Texas State Forest relocates red-cockaded woodpeckers to W.G. Jones State Forest

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The Texas A&M Forest Service received two pairs of red-cockaded woodpeckers from the Sam Houston National State Forest in October, according to a November announcement from the forest service. The birds were moved to enhance the gene pool of the small colony of red-cockaded woodpeckers already residing in the W.G. Jones State Forest.

Red-cockaded woodpeckers are endangered birds who make their homes in cavities in mature pine trees. In an effort to revive their dwindling population, officials with the Texas A&M Forest Service said they have been involved in a translocation project with the Western Range Red-Cockaded Woodpeckers Translocation Cooperative. In 2014 four woodpeckers were moved from a colony in Louisiana’s Kisatchie National Forest to W.G. Jones State Forest. In mid-October, four more birds joined the colony, being translocated from the Sam Houston National State Forest.

Texas State Forest Biologist Donna Work, who oversees the translocation project, said loss of habitat was the main cause for the woodpecker’s endangered status. Red-cockaded woodpeckers nest in living, mature pines, while other woodpeckers make their cavities in dead trees. Work said the birds had lived in the W.G. Jones State Forest since the 1960s, and it was home to the largest urbanized population of red-cockaded woodpeckers. The birds lay up to three eggs at a time, and their main predators are hawks and rat snakes, who can reach the bird’s cavities if they’re not high enough, Work said.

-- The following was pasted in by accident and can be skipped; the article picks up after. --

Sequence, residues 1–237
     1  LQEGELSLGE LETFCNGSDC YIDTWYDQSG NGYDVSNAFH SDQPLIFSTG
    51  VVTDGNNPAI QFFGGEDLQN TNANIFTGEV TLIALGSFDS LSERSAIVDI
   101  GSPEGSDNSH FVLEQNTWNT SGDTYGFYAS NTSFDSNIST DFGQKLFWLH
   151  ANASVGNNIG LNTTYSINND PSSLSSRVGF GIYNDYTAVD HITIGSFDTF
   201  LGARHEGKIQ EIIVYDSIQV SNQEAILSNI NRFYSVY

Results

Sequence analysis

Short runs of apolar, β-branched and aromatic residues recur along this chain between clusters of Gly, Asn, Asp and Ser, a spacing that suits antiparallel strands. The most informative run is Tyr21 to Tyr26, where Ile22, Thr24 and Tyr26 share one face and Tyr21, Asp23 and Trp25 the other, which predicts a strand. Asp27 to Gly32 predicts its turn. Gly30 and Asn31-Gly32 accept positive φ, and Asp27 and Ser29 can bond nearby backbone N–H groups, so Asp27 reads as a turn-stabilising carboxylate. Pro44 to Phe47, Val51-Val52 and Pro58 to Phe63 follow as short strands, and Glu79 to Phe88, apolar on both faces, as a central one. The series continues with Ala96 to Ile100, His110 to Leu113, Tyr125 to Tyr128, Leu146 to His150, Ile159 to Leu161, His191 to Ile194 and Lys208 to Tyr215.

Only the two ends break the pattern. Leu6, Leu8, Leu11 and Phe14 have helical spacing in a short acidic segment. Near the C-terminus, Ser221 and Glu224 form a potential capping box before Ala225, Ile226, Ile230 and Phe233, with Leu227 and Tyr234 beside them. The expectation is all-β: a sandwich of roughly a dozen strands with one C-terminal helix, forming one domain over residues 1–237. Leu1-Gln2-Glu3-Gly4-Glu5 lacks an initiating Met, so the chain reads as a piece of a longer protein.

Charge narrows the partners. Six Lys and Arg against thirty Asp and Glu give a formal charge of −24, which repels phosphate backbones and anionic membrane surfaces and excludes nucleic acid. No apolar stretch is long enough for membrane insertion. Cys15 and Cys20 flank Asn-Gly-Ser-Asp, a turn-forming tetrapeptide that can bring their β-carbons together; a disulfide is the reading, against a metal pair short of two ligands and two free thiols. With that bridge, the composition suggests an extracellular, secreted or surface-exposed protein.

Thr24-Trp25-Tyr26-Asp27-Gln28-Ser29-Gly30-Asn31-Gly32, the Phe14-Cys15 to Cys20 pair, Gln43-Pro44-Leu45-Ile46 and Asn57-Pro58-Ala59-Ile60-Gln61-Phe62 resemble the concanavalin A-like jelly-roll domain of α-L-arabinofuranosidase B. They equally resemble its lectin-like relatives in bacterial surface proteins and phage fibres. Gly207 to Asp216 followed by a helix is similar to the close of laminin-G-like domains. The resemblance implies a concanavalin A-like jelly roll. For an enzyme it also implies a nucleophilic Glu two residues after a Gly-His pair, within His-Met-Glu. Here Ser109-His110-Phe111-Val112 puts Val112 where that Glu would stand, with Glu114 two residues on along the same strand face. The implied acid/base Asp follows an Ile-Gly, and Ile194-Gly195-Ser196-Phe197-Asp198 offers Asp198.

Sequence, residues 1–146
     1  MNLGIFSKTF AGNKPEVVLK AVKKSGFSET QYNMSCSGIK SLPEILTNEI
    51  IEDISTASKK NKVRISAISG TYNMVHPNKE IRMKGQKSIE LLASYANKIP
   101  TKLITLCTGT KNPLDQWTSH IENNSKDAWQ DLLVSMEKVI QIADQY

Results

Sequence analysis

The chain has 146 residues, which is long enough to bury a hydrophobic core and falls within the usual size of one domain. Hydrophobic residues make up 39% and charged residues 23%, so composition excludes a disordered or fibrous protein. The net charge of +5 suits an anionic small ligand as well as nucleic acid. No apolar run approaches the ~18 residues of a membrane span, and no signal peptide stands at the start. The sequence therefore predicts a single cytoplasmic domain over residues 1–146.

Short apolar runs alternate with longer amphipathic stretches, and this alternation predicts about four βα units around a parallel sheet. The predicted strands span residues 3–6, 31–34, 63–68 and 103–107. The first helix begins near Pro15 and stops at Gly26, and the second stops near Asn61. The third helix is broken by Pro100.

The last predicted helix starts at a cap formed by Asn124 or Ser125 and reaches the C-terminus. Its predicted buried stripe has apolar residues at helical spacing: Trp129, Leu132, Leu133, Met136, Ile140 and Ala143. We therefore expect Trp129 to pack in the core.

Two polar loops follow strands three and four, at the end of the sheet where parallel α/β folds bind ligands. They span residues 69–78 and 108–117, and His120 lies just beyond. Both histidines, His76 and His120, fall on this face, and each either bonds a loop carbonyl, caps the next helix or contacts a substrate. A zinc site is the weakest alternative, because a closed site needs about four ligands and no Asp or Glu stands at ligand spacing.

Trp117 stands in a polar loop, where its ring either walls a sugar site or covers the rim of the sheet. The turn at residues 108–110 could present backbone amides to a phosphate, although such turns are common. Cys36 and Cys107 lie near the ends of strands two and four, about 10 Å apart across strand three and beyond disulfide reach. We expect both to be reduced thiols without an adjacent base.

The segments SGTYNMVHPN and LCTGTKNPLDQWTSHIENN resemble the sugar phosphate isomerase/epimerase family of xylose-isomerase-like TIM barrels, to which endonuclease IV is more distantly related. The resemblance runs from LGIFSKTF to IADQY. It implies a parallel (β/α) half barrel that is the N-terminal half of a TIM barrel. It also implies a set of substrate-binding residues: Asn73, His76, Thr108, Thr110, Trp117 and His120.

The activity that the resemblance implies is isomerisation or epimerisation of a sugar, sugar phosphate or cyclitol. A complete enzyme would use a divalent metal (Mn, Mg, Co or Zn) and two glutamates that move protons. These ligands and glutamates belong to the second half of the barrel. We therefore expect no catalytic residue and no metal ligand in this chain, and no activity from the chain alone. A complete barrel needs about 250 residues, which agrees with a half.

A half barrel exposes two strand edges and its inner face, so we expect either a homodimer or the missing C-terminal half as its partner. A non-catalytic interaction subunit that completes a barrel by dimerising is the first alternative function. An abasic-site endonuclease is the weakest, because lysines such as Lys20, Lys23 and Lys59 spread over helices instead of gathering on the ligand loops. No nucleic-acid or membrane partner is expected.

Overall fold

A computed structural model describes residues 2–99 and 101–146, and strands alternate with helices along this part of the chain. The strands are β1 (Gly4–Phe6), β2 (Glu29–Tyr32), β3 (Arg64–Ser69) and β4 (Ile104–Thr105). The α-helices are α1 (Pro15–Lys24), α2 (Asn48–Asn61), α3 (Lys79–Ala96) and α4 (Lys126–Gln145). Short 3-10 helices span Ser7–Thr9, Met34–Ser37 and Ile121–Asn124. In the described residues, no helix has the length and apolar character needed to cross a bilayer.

The translocation from Louisiana has proved successful, according to the TFS, with at least three of the four birds taking up residence in the forest. No hatchlings were born in the first year, however, for the last three years, one of the Louisiana birds has been the breeding female in one of the groups in the Jones State Forest.

“The [red-cockaded woodpeckers] were moved into the Jones State Forest, at last check, did not stay where we put them, but that is not unusual,” Work said. “Sometimes they have to find their own place in the population. Will know more maybe later in the year.”

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